At first glance?and for that matter at second and third glance?Orlando would
appear to be the world nucleus of the fast food industry. On seemingly
every thoroughfare, in and around every theme park, mall and neon
neighborhood, they are there, locked in a burger-to-burger face-off,
vying for attention with millions in marketing dollars. From chintz
to cheeseburgers, they await the weary who want a quick meal that
will challenge neither belly nor budget.
It would, at first glance, seem that way, but thankfully, it is
While there are few who would argue that Orlando is one of the
great culinary centers of the hemisphere, it has come a long,
long way since its earliest days when gourmet food meant barbecue
on a china plate. Lured, however, by the phenomenal success of
this theme park capital of the Sunshine State, some of the worlds
top chefs have whisked their names into Orlandos gourmet roster,
among them Los Angeles' Wolfgang Puck and Louisianas Emeril Lagasse.
Ample ingredients for success It also helps that Central Florida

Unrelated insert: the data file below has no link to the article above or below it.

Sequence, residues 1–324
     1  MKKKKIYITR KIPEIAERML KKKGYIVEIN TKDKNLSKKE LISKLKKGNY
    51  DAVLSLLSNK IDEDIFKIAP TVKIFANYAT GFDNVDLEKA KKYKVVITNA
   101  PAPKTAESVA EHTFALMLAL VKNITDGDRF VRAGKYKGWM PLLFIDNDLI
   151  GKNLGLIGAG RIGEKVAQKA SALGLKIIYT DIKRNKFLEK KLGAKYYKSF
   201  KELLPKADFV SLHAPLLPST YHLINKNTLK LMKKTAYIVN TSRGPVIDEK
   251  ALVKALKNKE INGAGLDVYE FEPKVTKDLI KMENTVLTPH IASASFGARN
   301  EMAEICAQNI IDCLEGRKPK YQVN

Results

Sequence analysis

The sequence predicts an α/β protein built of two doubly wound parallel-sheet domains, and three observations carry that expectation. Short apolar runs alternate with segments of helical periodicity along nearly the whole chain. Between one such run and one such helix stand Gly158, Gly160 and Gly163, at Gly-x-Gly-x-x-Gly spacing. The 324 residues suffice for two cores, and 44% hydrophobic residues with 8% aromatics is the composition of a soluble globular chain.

is indeed central to many of the ingredients needed to whip up
fine dining. While the regions famed citrus groves have shrunk
in the face of determined development and urban sprawl, Orlando
is still surrounded by vast groves whose several varieties of
oranges and grapefruits, limes, lemons and kumquats play an intriguing
part in sauces, garnishes and a bevy of tropical drinks.
Amid the enormous hype that surrounds the regions tourist attractions
lie hundreds of thousands of acres that have long made Central
Florida the winter vegetable capital of Florida. Tiny Zellwood,
just nine miles from Orlando, considers itself the winter vegetable
capital of the nation and tosses an annual party each May to celebrate
its harvest of radishes and carrots, cauliflower and corn.
Sugar cane that grows in the region surrounding giant Lake Okeechobee,
just south of Orlando, has made many a millionaire in the region
and finds its way into coconut patties and elaborate desserts.
Kissimmee, Walt Disney Worlds tourism bedroom community, has long
been a cowboy town, populated by wranglers who keep the regions
cattle herds in line. Florida is, surprisingly, among the top